Attakayu, as seen from outside. (Image credit: 福島県観光物産交流協会)

 

Men's hot spring bath is themed after wood. (Image credit: 福島県観光物産交流協会)

 

Women's hot spring bath is themed after rock. (Image credit: 福島県観光物産交流協会)

 

Good news for Muslim guests: a private hot spring bath is also available at Attakayu! It comes with a full range of facilities such as private bathroom and changing room, but a reservation fee of ¥1,000 is required and it can be made earliest two days before the day of use.

 

A private hot spring bath is also available, but prior reservation is required. (Image credit: 福島県観光物産交流協会)

 

BONUS: Trekking in Takayu Onsen!

It is natural to think that Takayu Onsen is all about the hot springs. However, to visit the resort only for the hot springs would feel like a waste, because the resort is also popular for trekking during non-winter seasons (pro tip: trekking followed by dipping in hot spring is a heavenly experience)! First-time visitors will be enthralled by the spectacular view of the area surrounding Takayu Onsen, the main spectacle being the grand Bandai-Azuma Skyline (磐梯吾妻スカイライン), which is also known as "the road that runs across the sky" and is considered as one of the top 100 roads in Japan.

 


Bandai-Azuma Skyline, in autumn foliage. (Image credit: 福島県観光物産交流協会)

 

First-timer visitors keen on exploring the Bandai-Azuma Skyline on foot should visit the Fudosawa Bridge (不動沢橋), also known as Tenkū-no-Kakehashi (天空の架け橋, translates as ‘Suspension Bridge in the Air’), that spans over the Tsubakuro Valley (つばくろ谷 Tsubakuro-tani). Visitors will feel like they are walking high up in the air when crossing this bridge, while gazing at the spectacular Eight Views of Azuma (吾妻八景 Azuma-Hakkei) below and around them.

 


Fudosawa Bridge. (Image credit: 福島県観光物産交流協会)

 

The Eight Views of Azuma. (Image credit: 福島県観光物産交流協会)

 

At the centre of Bandai-Azuma Skyline is Jododaira (浄土平), a sub-alpine plateau that features volcanic scenery, pine forests, marshlands, and swamps. With the Jododaira Visitor Center as the starting points, visitors can come here for an unforgettable trekking experience by choosing any of the many trekking routes available onsite.

 

The Jododaira Visitor Center is the starting point of trekking routes in the area. (Image credit: : : Ys : :)

 

Trekkers can choose from the many trekking routes available. (Image credit: 高湯温泉観光協会)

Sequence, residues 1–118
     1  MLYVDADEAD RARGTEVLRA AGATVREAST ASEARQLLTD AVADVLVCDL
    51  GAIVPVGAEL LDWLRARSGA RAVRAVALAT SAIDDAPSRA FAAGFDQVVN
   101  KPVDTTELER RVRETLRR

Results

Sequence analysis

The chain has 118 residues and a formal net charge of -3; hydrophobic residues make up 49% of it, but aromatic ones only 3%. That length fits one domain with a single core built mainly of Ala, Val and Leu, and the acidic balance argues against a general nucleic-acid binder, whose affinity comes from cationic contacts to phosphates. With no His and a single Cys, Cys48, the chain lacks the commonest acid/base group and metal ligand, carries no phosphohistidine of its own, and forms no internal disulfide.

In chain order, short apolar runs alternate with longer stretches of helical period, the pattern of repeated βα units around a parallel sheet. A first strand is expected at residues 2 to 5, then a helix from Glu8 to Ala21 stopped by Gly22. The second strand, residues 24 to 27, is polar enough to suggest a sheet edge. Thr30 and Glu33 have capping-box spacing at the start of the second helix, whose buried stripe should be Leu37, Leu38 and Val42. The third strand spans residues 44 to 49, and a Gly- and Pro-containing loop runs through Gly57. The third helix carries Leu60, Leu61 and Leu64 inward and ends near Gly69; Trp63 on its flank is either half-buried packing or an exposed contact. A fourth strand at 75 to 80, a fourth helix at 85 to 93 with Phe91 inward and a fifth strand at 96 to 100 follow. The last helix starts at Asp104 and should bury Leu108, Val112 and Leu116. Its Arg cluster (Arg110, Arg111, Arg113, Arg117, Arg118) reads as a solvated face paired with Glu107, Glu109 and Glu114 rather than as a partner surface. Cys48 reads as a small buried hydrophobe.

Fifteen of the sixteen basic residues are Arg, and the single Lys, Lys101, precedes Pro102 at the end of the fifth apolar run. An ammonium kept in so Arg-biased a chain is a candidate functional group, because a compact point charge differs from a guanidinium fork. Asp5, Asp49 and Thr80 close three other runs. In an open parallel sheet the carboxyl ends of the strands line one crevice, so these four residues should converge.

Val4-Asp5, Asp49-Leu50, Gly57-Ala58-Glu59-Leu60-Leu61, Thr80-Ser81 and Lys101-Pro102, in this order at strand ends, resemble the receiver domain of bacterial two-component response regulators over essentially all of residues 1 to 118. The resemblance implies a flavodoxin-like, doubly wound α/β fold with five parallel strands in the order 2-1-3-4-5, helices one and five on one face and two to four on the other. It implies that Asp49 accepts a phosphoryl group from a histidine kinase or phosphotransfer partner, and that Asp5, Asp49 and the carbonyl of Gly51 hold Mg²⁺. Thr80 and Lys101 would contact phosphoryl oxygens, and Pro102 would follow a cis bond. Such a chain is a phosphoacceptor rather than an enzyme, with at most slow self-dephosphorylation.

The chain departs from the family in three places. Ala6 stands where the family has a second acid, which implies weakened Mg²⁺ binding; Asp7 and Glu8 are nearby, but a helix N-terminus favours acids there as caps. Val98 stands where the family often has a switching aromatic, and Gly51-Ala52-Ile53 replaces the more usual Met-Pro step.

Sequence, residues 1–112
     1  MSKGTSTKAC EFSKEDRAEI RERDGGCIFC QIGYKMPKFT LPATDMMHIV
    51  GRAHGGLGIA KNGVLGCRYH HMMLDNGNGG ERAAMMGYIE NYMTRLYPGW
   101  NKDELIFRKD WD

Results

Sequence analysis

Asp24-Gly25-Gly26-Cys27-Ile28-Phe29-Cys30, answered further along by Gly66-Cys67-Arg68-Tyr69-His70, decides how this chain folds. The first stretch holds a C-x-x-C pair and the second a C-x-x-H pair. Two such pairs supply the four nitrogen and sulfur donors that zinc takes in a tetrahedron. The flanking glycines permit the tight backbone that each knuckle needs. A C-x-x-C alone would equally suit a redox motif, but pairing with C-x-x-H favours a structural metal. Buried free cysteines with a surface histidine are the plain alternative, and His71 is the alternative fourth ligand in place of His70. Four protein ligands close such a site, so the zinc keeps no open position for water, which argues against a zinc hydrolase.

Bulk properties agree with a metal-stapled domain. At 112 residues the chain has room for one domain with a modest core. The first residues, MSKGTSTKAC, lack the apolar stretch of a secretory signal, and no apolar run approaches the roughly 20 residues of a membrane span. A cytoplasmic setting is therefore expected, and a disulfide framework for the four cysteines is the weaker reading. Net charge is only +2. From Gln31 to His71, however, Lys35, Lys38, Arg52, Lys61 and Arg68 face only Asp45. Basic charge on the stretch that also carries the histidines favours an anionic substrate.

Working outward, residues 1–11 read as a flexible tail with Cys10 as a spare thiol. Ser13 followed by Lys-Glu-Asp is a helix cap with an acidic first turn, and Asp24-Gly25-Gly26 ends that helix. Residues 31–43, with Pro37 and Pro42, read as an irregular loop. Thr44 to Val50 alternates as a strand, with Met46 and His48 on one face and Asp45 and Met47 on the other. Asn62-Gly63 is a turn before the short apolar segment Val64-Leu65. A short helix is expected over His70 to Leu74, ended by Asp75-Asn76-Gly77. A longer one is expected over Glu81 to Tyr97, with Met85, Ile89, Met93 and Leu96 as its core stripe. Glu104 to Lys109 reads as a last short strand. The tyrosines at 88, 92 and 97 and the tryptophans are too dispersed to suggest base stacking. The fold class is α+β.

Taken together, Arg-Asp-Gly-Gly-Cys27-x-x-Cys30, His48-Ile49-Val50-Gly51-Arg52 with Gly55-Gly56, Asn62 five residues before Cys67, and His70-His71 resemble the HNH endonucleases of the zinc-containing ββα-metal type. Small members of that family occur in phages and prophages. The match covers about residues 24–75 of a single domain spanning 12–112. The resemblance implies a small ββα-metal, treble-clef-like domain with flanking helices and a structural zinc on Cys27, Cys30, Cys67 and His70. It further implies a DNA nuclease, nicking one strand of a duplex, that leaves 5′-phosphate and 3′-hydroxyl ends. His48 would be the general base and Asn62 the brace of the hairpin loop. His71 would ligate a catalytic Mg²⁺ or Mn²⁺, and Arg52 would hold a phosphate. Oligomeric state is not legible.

One of the highlights of the trekking experience in Jododaira is Azuma-Kofuji (吾妻小富士), a 1,705m active stratovolcano with a cone-shaped crater. As the name suggests, the symmetrical shaped volcano resembles a miniature version of the famous Mount Fuji (富士山 Fuji-san), and thus is a popular tourist attraction. Visitors on the Bandai-Azuma Skyline can simply a stop along the route to pay a visit, and trekkers can take the Jododaira Visitor Course to witness this marvel.

 


Azuma-Kofuji. (Image credit: 福島県観光物産交流協会)

 

Jododaira Visitor Course leading to visit Azuma-Kofuji. (Image credit: 福島県観光物産交流協会)

 

Fukushima is one of the underrated prefectures in Japan when it comes to travel destinations, more so when it has Takayu Onsen, undoubtedly one of the best hot spring resorts in the country. As dipping in hot springs is one of the primary reasons that visitors from all over the world flock to Japan time and time again, it is only natural that more people should be visiting Takayu Onsen. Plus, the resort has plenty of options for private hot spring baths which is ideal for Muslim families, or simply visitor groups who want some privacy.

 

For my next article, I will explore another amazing hot spring resort in Tohoku with private hot spring baths, so stay tuned!

 

More details on Takayu Onsen

Takayu Onsen is a hot spring resort in the capital city of Fukushima in Fukushima Prefecture, located in the north-eastern region of Tohoku. Visitors from Tōkyō can take the Tohoku Shinkansen (東北新幹線) bullet train to JR Fukushima Station (JR福島駅 Fukushima-eki), which should take around 1 hour 30 minutes.

 

Upon arrival at JR Fukushima Station, visitors can proceed to the station’s West Exit and take the bus bound for Takayu Onsen. There are 3–5 buses departing for the hot spring resort from the station, and the bus ride takes around 30 minutes. The one-way bus fare is ¥820 per adult. For visitors interested in hiking in the areas around Takayu Onsen, they can also consider renting a car instead. Car rental services are readily available around the JR Fukushima Station.

 

Visitors are encouraged to check for room availability for all hot spring inns in Takayu Onsen before coming to the resort. Also, due to the ongoing coronavirus, some of the facilities may be closed temporarily.

(INSIDER TIP: If you have the JR EAST PASS (Tohoku area), you can travel on the bullet train and make seat reservations for free!)

 

JR EAST PASS (Tohoku area)

The new JR EAST PASS (Tohoku area) and usage area. (Image credit: JR East)

 

The JR EAST PASS (Tohoku area) is an affordable pass that offers unlimited train rides on JR East lines, including bullet trains, within the valid area for 5 consecutive days. It's only ¥30,000, making it a considerable option for rail travellers. Pass holders can also reserve seats online for up to a month in advance for free on the JR-EAST Train Reservation.

 

Header image credit: 福島県観光物産交流協会